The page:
As shown in the chart above, there is an upward trend for median sales price in Pacific Beach from 2012-2019.
The median list price for houses in the first half of 2019 for the Pacific Beach real estate market was: $1,354,500
The median sales price for houses in the first half of 2019 for the Pacific Beach real estate market was $1,325,000
This shows that for homes that sold in the Pacific Beach real estate market for the first half of 2019, sellers are getting approximately 97.82% of the listed price.
Additional information on these 2019 Pacific beach real estate market statistics that you should know:
Sellers tend to drop the price of their home the longer the home sits on the market. The listed price at the time of the sale may not be the original list price.
Sellers will sometimes suspend a listing, by either withdrawing the listing, expiring the listing or canceling the listing. When the home becomes “re-listed” with a new price, the new price is now the “list price” used for these numbers.
These numbers are medians, meaning that half of the homes sold for more than 97.82% of list price, and half of them sold for below that.
The median days on market for houses that sold in Pacific Beach in the first half of 2019 was 21 days.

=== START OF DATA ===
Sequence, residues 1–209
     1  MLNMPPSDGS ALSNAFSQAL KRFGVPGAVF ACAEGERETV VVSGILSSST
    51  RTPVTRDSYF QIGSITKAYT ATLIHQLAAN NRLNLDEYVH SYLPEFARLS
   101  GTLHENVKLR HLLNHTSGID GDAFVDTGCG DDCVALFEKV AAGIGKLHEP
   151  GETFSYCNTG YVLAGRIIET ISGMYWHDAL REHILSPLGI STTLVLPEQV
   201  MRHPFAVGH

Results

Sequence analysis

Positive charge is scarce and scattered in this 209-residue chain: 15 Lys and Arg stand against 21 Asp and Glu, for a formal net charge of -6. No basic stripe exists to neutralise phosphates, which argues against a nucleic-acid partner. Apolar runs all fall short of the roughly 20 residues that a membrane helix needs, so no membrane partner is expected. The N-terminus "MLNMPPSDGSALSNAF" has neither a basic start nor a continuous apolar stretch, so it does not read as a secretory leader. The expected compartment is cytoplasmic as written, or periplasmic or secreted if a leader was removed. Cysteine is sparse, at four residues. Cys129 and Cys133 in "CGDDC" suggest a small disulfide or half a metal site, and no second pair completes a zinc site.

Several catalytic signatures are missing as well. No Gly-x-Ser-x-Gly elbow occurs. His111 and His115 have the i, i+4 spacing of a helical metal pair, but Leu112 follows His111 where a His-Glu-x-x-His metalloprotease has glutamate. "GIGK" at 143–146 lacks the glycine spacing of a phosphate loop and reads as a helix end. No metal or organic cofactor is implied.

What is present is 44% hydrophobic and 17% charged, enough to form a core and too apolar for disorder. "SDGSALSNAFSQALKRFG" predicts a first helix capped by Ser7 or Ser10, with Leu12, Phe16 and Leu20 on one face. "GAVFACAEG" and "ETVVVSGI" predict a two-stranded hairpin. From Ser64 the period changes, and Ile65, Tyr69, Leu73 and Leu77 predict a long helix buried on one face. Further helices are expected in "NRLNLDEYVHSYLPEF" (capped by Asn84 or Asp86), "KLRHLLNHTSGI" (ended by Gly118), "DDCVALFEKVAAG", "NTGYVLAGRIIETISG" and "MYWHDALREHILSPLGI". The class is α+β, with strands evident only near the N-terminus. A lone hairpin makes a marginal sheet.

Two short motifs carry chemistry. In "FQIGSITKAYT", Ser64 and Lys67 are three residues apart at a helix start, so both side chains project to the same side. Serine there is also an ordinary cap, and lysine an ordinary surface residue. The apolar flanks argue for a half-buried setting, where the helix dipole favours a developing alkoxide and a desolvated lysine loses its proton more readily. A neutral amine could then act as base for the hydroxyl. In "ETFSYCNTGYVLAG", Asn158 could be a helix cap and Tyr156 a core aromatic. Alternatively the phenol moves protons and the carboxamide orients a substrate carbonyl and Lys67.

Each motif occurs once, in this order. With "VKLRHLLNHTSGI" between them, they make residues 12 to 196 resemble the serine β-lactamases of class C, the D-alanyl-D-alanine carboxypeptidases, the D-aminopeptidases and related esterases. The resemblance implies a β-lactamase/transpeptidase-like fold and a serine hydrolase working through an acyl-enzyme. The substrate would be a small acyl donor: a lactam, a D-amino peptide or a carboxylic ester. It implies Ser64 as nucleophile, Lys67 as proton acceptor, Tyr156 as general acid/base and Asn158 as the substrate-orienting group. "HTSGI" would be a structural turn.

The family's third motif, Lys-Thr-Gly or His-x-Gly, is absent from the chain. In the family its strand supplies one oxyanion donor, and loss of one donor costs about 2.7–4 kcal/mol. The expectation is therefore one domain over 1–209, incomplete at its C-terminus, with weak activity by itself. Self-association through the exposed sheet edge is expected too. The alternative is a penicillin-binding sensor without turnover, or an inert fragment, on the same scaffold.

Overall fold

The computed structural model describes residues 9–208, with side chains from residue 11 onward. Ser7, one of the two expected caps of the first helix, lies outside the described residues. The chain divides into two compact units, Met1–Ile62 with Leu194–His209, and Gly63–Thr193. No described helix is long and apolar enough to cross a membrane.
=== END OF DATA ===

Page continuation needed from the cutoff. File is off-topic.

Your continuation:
The average days on market for houses that sold in Pacific Beach in the first half of 2019 was 30 days.
These numbers do not include time on the market for homes that did not sell, or homes that either were taken off of the active market, and then sold at a later time.
You need to know when a home will sell quickly, and possibly for more than list price.
You also need know when a home is overpriced, and can be purchased for a price below what it’s listed at.
The above numbers were taken from San Diego Multiple Listing Service‘s Paragon platform, which realtors pay to access.
Psychology of the Pacific Beach real estate market
Would you rather:
- Buy the perfect home that’s competitively priced, where you may have to offer more than list price?
- Buy a home that is overpriced, has issues, and has been sitting on the market for a while where you can buy it at a discount?
There are good things about each situation.
There are people that get a “buyers high” whenever they feel like they have gotten a deal. People love deals, and people love feeling like they got a price that’s better than what someone else would have paid. So it’s natural for buyers to want to make an offer below list price to feel like they have gotten a deal.
However some of the best “buys” I’ve experienced have come from offering “list price” on the first day the home was on the market. Or offering more than list price when there are other offers
Because I knew there would be more offers coming soon, and it would sell for more than list price if there was a bidding war.
Houses are unique and losing “the one” probably means more than possibly over-paying by $5,000.